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The State Of The World

A daily Commentary by Wayne Blank


"The State of The World" Number 9
Complete Index Of All Issues

Why Was Korea Divided Into North And South?

The Korean people are one of the most-ancient nations ("nation" means a people of a common origin) of Asia. Western historians generally mark the beginning of the country ("country" means a sovereign territory) of Korea from the end of the conflicts of the "Three Kingdoms" that existed from about 57 BC to 668 AD. Although subject to various imperial threats in the region over the centuries, Korea, as a sovereign people, existed as a single country for many centuries.

As shown on the map below, Korea is situated on a peninsula that is located across a sea from the islands of Japan. The name of that sea depends on who and where you are - to most of the world, it's now known as the Sea of Japan, while to Korea (North and South), it's the East Sea (the older, more original name). As we will read, the difference is due to politics, not geography.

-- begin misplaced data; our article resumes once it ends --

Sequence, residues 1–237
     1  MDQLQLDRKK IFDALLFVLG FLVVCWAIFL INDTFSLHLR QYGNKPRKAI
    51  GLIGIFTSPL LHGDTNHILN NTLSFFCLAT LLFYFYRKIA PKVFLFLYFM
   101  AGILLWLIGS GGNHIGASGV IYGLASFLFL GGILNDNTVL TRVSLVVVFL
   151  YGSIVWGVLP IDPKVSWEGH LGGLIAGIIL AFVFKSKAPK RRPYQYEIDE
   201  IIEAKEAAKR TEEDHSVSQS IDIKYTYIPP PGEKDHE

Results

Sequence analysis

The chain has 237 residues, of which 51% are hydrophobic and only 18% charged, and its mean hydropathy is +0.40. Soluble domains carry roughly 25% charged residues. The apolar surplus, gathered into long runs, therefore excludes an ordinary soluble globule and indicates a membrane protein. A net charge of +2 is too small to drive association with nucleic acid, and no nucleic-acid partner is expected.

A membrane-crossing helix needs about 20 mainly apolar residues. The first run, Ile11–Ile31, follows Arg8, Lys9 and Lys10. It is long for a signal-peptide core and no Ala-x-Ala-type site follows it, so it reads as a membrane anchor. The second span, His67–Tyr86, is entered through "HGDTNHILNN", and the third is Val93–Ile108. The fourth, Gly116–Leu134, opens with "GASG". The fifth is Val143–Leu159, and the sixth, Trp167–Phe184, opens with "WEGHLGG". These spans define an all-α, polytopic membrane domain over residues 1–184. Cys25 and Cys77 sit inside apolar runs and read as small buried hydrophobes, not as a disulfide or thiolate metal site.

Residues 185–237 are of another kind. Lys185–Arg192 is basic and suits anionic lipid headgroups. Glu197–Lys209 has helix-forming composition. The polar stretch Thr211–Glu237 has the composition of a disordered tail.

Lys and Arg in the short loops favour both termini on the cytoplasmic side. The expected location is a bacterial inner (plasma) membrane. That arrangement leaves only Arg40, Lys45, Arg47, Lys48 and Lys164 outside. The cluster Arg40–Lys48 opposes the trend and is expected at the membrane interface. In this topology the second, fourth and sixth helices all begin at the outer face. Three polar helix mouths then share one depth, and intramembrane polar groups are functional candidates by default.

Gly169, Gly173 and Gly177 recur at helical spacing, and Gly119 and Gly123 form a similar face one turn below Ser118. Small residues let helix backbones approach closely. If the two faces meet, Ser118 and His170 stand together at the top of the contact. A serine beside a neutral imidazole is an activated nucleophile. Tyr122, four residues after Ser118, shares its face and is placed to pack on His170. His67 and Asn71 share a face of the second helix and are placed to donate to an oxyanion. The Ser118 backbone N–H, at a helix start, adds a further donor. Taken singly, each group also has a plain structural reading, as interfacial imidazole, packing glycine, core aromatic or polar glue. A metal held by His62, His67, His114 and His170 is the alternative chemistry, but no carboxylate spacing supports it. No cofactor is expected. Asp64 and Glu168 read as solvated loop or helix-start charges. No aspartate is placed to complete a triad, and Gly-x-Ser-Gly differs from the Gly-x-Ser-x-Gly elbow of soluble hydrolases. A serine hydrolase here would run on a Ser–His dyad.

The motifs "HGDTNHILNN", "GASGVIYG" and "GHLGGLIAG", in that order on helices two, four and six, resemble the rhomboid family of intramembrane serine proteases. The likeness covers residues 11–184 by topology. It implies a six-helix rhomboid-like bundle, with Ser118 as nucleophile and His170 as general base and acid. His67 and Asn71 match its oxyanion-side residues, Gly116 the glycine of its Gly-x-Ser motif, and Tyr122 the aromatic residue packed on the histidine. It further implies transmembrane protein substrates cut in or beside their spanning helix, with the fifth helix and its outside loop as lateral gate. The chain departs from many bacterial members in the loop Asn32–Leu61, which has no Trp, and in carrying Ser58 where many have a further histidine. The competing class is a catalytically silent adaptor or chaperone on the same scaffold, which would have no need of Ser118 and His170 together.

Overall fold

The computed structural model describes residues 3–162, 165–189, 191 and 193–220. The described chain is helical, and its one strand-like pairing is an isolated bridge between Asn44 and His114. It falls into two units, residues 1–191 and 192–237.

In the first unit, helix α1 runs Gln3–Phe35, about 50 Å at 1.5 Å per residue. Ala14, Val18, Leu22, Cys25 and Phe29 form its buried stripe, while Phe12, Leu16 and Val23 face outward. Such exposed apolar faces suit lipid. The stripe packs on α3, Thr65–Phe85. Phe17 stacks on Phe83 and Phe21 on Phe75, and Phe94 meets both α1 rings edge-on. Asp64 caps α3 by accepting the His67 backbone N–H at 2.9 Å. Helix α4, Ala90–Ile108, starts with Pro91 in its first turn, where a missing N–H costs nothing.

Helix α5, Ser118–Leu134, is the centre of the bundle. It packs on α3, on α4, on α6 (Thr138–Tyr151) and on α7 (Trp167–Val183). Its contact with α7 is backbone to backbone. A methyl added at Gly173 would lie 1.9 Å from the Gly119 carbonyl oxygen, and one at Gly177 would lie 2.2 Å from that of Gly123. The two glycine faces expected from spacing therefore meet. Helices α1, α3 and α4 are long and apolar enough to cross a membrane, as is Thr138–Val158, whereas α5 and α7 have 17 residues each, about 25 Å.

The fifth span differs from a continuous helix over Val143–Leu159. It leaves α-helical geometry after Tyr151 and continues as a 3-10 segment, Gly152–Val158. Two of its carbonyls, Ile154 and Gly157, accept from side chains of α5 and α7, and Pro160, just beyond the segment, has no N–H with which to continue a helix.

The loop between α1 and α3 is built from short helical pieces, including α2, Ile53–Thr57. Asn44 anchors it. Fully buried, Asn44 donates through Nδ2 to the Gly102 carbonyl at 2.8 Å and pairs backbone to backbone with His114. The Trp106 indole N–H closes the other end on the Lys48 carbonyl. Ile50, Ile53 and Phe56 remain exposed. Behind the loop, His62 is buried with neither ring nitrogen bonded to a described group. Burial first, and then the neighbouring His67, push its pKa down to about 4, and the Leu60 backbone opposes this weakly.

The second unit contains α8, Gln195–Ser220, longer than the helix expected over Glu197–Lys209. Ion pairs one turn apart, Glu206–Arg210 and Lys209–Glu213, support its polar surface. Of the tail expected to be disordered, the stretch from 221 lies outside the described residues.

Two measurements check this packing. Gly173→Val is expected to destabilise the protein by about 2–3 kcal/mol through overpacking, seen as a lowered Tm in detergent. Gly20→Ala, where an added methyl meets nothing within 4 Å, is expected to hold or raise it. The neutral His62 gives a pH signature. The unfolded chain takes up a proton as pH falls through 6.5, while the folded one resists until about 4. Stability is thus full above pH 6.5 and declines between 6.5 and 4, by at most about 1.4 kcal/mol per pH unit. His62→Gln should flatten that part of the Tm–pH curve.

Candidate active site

Sea Of Japan

In 1910, Korea was occupied by Japanese invasion forces, annexed, and reduced to an imperial province of Japan. In the years that followed, the Korean people were brutally treated. Millions of Koreans were made virtual slaves in which over 400,000 died. Hundreds of thousands of Korean women were subjected to sexual slavery by the Japanese army, described with the now-infamous term "comfort women."

With the defeat of Japan at the end of the Second World War in 1945, Korea was liberated from two directions - the U.S. from the south and the Soviet Union from the north. Although the U.S. and the Soviet Union had been allies against Germany and Japan during the Second World War, the "Cold War" thereafter, the struggle between capitalism and communism, caused the U.S. and the Soviet Union to divide Korea into the communist North Korea and the capitalist South Korea (the same way and time that the U.S. and the Soviet Union divided Germany into the capitalist West Germany and the Communist East Germany.

So the political and economic-system division, imposed by foreigners according to their own choices of how to run their countries, became the Korea of today.

Wayne Blank
pathfinder@keyway.ca





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